#MeToo and the Weinstein verdict: What now for working women?

High-profile verdict spotlights how much needs to be done to root out sexual harassment in workplaces.

Me Too
Ambra Battilana Gutierrez, one of Weinstein's accusers, speaks with media outside New York's supreme court on February 24, the day the former movie mogul was convicted of rape and a criminal sexual act [Victor J Blue/Bloomberg]

New York, United States – Harvey Weinstein, the once all-powerful Hollywood mogul making and breaking women’s careers, now faces up to 29 years behind bars after being convicted this week of sexual assault and third-degree rape.

Dozens of women who accused Weinstein of sexual misconduct, predatory behavior and rape have yet to have their day in court. Still Monday’s verdict serves as a turning point in a scandal that blew the lid off of sexual harassment in US workplaces and propelled the #MeToo movement to a global stage.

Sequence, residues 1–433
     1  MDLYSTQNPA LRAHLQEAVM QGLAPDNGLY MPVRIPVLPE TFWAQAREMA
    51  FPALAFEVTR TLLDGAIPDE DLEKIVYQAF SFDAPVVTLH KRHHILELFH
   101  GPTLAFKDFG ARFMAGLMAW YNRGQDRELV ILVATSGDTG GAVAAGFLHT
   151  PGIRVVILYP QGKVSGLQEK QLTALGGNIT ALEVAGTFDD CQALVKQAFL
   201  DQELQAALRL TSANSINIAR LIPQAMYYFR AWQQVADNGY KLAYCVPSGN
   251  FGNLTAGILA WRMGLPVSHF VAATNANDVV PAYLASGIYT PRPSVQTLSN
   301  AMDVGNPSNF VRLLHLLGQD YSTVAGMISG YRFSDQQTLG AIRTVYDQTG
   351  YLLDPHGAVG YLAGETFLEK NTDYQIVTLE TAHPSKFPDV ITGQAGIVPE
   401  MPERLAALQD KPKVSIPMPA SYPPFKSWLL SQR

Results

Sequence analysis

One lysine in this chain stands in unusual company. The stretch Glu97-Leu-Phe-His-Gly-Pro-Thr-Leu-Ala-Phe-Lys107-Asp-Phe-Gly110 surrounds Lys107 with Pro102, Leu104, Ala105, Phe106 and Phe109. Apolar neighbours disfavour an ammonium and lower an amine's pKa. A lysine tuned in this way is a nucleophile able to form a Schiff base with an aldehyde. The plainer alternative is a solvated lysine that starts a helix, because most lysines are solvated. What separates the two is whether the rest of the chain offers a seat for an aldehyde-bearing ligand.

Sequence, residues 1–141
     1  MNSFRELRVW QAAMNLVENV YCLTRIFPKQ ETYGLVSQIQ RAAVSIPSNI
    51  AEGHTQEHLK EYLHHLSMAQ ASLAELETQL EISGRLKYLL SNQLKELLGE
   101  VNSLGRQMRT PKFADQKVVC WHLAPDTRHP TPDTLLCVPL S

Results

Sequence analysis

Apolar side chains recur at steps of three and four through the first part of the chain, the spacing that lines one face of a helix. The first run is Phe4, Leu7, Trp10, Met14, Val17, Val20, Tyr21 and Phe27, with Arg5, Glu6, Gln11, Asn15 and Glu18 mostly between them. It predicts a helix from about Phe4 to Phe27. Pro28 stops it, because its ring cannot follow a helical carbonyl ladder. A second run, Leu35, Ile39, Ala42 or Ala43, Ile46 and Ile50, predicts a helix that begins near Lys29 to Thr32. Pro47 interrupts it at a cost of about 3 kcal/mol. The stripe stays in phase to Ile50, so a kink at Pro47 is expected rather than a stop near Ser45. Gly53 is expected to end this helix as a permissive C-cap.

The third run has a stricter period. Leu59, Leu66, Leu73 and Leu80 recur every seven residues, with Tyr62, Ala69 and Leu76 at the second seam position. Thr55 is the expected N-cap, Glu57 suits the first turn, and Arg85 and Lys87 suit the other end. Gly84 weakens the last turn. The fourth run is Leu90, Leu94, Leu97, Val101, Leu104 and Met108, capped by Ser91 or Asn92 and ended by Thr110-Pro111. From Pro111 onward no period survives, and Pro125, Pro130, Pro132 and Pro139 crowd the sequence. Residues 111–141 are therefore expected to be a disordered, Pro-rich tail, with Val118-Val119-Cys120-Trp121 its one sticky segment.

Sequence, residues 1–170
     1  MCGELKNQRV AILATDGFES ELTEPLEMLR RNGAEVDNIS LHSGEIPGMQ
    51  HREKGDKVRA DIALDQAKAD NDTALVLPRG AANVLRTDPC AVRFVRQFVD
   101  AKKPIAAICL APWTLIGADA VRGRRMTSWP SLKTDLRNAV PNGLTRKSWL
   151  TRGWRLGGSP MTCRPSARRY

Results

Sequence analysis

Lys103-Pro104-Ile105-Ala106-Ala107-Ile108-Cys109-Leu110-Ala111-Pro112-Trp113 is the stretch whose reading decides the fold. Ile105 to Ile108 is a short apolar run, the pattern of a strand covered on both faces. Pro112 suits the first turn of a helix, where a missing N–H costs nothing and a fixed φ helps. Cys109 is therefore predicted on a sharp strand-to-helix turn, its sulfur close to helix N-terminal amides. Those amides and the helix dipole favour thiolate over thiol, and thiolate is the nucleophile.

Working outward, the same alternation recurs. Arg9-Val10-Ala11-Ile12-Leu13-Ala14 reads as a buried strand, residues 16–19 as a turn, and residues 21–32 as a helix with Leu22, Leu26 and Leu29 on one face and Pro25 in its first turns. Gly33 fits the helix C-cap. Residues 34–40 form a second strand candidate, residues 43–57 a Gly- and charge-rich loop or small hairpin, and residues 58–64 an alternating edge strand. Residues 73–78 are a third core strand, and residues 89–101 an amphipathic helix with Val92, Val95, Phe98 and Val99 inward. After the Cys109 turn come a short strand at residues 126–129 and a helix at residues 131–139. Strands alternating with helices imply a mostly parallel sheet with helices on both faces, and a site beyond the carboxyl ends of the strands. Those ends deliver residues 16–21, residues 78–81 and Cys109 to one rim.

#MeToo put on blast predatory gatekeepers in media, sports and entertainment by bypassing traditional streams of reporting sexual misconduct and harassment. It inspired millions of women to share their own experiences on social media. 

While the movement ignited an international conversation, gender experts say the Weinstein scandal and conviction shows just how much work needs to be done to change cultural norms that have for decades brushed off sexual harassment allegations and the women who voice them.

“I regret that it took so many women to hold one man to account,” Purna Sen, UN-Women’s spokesperson on Addressing Sexual Harassment and Other Forms of Discrimination, told Al Jazeera. 

“This was a case of 90-or-so ‘she said’s to one ‘he said’. Women have had a hell of a journey to go through to be seen as credible as men,” Sen added.  

#MeToo by the numbers